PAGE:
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Women’s Rights Movement

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Layla Morgan-Khalifah

Rebecca Sniezevage

Honors American Studies English

5/16/2017

Women’s Rights Movement

Women’s rights is the fight for the idea that women should have equal rights with men. Over time it’s affected U.S. history in many ways. The movement has taken the form of the women’s suffrage, the right of women to vote, reproductive rights, and the right to work for for equal pay. Women's Rights movements have worked in support of this for about two centuries allowing them to break free of stereotypes and discrimination in order for them to advance in society.

The feminist movement is a series of political campaigns for reforms on issues such as reproductive rights, domestic violence, equal pay, women's suffrage, sexual harassment, and sexual violence, all of which fall under the label of feminism and the feminist movement. The woman suffrage movement actually began in 1848, when the first women’s rights convention was held in Seneca Falls, New York (nwhm.org). The convention was held to discuss the conditions of women’s rights and overtime led to women gaining the right to vote. Overtime this movement has evolved. Originally it was oriented around middle- or upper-class white women and involved suffrage and political equality. Later on the women’s movement further combated social and cultural inequalities including those of women of color and women from other developing nations. Now modern day feminism is continuing to address the financial, social and cultural inequalities and includes greater influence of women in politics and media.

One of the first and most notable achievements of the women's rights movement is them gaining the right for women to vote. In 1848 at the Wesleyan Chapel in Seneca Falls on July 19 and 20, women came together to discuss the social and civil conditions of their rights. This was a gathering of patriotic women who all shared the idea of improving the new republic. During this gathering Elizabeth Cady Stanton created the “Declaration of Sentiments.” which listed the areas of life where women were treated unfairly (nwhp.org). However, many politicians were unwilling to listen to a group of people who couldn't vote. Therefore, over time women began to realize that in order to change anything, they needed to win the right to vote. For these reasons, at the beginning of the twentieth century, the woman suffrage movement became a mass movement. The suffrage movement was led by two organizations. The National American Woman Suffrage Association (NAWSA), which was lead by Carrie Chapman Catt and the National Woman’s Party (NWP), under the leadership of Alice Paul (nwhp.org). In 1920, because of the combined efforts of the NAWSA and the NWP, the 19th Amendment was finally ratified; giving women the right to vote. When thinking about the Suffragettes of the early 20th Century, what generally comes to mind is their fight for the right to vote. It is important to remember what the vote meant for women during that time; being able to choose better working conditions, both in environment, hours and pay. These are struggles women face today, with a still-existent pay gap between male and female employees, as well as missing out on promotions due to pregnancy and having their reproductive rights questioned, challenged and denied. Just because women have the right to vote today in the United States, it does not mean that they have achieved gender equality.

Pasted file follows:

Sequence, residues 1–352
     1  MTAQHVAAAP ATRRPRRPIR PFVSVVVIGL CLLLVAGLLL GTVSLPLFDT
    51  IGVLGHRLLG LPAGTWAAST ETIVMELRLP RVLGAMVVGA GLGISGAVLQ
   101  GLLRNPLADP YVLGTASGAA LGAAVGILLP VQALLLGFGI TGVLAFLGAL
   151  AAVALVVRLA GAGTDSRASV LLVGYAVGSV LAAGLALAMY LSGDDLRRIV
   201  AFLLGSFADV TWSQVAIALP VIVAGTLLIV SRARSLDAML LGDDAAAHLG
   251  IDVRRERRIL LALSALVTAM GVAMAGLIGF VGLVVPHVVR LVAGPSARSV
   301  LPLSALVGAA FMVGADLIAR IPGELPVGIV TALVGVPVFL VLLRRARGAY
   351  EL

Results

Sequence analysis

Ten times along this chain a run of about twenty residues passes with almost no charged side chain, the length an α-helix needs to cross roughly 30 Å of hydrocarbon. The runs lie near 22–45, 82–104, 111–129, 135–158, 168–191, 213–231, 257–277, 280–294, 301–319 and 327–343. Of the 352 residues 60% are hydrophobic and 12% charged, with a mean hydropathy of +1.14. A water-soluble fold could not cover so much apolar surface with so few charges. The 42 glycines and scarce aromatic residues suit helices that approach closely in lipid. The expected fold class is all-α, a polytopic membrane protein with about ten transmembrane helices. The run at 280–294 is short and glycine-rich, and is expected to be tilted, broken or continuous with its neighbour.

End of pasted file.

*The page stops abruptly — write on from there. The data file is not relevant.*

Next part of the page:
In the United States, full-time, year-round working women continue to be paid less than her male counterpart. Women on average are paid only 78 cents for every dollar a male employee is paid (now.org). Although it's still a work in progress the women’s rights movement has succeeded in shortening the pay gap between male and female employees. In the 20th century during world war one many women entered the workforce because many men were

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